by Cathy Weber-Zunker
The memory of one particular summer evening is still burned in my brain as if it were yesterday. I can still feel the dry heat of the day in the air, being propelled out by storm clouds rolling in. There was nothing but wide-open fields for miles and miles around our rural Minnesota home. We saw occasional cars going by on the highway, but no one we knew ever just stopped by, this far out of town.
We never saw strangers — not ever — and here on this sizzling hot evening was a real live one walking up our driveway. A young man, a slightly built hitchhiker, came walking up our long curved gravel road to the house while we kids stood and gawked as he approached our door.
This young man was out in the middle of nowhere. He knew there was a storm coming, and desperately needed to find shelter. Not wanting to intrude on our home and family, he asked my dad if he could sleep in our barn for the night, for protection from the rain.
Instead of saying yes, my dad loaded us all up in the 1959 Chevrolet: the kids, my mom, and the hitchhiker.
Our family consisted of three older children whose father had died young, and three more children from the union of my mother and father. Our older brother Jerry was in the Navy, on a ship somewhere over seas.
It was too far away for me to even imagine what kind of a world he was seeing. All we little kids knew was that Jerry was a very long way from home and that our mom and dad worried about him.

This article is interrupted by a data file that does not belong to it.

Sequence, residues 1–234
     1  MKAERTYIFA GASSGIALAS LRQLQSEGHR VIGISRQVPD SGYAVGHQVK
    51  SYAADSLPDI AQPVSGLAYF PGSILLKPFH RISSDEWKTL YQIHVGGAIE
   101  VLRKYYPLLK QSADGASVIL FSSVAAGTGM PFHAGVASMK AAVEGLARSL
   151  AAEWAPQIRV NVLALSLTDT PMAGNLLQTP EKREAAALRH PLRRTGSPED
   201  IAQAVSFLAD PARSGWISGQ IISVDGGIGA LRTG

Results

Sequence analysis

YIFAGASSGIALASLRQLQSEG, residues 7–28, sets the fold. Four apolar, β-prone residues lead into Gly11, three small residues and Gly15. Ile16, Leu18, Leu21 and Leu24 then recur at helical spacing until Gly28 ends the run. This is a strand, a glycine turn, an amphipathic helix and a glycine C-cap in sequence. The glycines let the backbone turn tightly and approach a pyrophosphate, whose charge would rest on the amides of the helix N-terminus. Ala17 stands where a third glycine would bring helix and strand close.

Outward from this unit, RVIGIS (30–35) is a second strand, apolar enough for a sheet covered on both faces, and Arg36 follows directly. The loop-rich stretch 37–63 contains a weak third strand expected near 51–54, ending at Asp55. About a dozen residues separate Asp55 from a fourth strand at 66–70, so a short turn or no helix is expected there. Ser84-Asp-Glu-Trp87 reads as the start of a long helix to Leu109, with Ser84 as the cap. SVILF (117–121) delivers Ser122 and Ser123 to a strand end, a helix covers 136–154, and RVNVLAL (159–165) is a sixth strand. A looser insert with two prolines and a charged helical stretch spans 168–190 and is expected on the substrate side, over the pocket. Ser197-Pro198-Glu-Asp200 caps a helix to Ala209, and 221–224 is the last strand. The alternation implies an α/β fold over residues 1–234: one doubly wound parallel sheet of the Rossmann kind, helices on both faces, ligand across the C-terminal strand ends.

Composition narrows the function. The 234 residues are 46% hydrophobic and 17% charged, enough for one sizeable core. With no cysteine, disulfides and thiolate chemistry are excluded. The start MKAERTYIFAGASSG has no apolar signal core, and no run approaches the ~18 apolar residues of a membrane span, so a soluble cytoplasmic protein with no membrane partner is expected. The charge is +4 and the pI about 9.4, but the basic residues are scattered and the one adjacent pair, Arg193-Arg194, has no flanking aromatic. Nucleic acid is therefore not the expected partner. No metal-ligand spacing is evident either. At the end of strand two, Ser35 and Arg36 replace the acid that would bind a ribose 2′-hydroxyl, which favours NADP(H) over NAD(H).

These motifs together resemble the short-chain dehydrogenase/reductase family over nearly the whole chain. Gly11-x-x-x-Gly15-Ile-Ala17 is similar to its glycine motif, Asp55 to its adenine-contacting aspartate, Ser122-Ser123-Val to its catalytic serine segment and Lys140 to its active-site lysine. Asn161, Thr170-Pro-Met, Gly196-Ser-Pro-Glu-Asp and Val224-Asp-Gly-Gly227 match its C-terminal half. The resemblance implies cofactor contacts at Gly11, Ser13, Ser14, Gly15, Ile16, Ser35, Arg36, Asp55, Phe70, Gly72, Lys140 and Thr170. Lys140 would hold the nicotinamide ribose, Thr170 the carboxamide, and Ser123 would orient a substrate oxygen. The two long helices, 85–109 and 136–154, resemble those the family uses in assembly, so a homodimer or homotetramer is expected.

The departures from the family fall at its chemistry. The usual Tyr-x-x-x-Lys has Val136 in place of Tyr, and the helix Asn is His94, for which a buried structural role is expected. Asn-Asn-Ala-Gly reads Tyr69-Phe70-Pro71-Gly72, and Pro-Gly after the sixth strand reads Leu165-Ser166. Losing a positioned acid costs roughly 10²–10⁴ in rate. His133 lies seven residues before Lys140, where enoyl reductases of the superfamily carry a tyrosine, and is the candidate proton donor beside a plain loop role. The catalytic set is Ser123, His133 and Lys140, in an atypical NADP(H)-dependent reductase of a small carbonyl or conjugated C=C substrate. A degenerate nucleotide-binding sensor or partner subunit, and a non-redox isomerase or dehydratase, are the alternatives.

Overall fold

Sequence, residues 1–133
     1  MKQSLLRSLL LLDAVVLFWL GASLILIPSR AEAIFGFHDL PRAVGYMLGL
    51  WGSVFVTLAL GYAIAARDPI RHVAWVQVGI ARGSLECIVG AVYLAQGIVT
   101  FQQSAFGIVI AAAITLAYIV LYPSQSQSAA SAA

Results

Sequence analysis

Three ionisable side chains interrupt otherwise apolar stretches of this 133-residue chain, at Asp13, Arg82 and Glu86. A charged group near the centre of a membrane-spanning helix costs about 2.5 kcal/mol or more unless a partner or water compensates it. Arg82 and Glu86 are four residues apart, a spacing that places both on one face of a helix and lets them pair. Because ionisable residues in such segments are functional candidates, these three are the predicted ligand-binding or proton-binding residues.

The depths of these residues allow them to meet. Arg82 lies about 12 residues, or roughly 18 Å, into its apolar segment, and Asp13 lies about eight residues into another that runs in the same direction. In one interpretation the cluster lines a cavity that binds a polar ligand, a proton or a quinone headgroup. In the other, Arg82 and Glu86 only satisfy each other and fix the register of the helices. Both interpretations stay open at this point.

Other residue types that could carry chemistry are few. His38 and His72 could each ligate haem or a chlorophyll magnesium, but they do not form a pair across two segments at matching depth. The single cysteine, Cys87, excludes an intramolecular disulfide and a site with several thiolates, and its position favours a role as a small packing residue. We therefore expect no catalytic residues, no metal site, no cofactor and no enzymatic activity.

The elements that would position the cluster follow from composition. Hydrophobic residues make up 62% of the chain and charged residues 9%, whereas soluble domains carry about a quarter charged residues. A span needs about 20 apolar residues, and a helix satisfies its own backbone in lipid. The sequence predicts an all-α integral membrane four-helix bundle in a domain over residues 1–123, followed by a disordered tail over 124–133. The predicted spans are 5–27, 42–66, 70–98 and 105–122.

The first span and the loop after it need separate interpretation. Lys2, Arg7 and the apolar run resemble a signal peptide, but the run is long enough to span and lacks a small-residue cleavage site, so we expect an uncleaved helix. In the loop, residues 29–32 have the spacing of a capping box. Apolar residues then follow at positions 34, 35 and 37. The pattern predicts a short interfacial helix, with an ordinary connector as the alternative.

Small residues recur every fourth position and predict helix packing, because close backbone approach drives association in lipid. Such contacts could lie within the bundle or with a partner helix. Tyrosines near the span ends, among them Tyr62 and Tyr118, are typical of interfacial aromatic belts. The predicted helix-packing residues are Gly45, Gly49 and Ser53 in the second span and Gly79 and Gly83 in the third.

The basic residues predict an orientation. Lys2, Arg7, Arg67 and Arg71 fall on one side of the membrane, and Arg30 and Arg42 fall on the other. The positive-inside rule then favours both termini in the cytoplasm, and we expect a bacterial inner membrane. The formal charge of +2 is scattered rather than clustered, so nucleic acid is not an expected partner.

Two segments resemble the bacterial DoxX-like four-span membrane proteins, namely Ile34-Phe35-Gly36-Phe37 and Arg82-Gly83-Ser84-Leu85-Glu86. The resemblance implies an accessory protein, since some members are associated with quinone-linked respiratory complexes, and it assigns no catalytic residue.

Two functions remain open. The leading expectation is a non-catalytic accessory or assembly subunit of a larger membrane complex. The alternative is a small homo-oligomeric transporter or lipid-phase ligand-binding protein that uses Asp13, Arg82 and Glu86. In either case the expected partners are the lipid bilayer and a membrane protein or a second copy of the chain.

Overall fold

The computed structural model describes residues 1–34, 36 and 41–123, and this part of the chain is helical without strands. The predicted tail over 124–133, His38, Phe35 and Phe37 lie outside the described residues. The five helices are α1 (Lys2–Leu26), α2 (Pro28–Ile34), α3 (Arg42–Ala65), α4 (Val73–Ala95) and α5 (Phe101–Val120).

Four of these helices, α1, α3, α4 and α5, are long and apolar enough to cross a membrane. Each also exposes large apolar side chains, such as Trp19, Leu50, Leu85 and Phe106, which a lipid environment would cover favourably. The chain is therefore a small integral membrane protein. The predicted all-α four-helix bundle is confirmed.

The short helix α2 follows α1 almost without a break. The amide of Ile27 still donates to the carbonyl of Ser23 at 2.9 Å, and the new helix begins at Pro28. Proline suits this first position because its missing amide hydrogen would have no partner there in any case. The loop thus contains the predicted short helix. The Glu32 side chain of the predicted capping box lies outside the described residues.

I had never seen my mom sit next to my dad in the car before, but the hitchhiker took her seat near the passenger door, and so she scooted to the center next to my dad. Mom watched the man fidget nervously as we drove him 10 miles to the next town where dad bought the stranger a room for the night along with a hot evening meal.
After we dropped off the hitchhiker, as we headed home in the car that night I heard my dad say to my mom, “I just hope that if Jerry ever needs anything, that this kindness will be returned to him.”
Weeks later, having told my uncle about the hitchhiker, the uncle suggested that perhaps my dad shouldn’t have taken the risk of having a stranger in our car. My dad replied, “You are absolutely right. I should have invited him into our home.”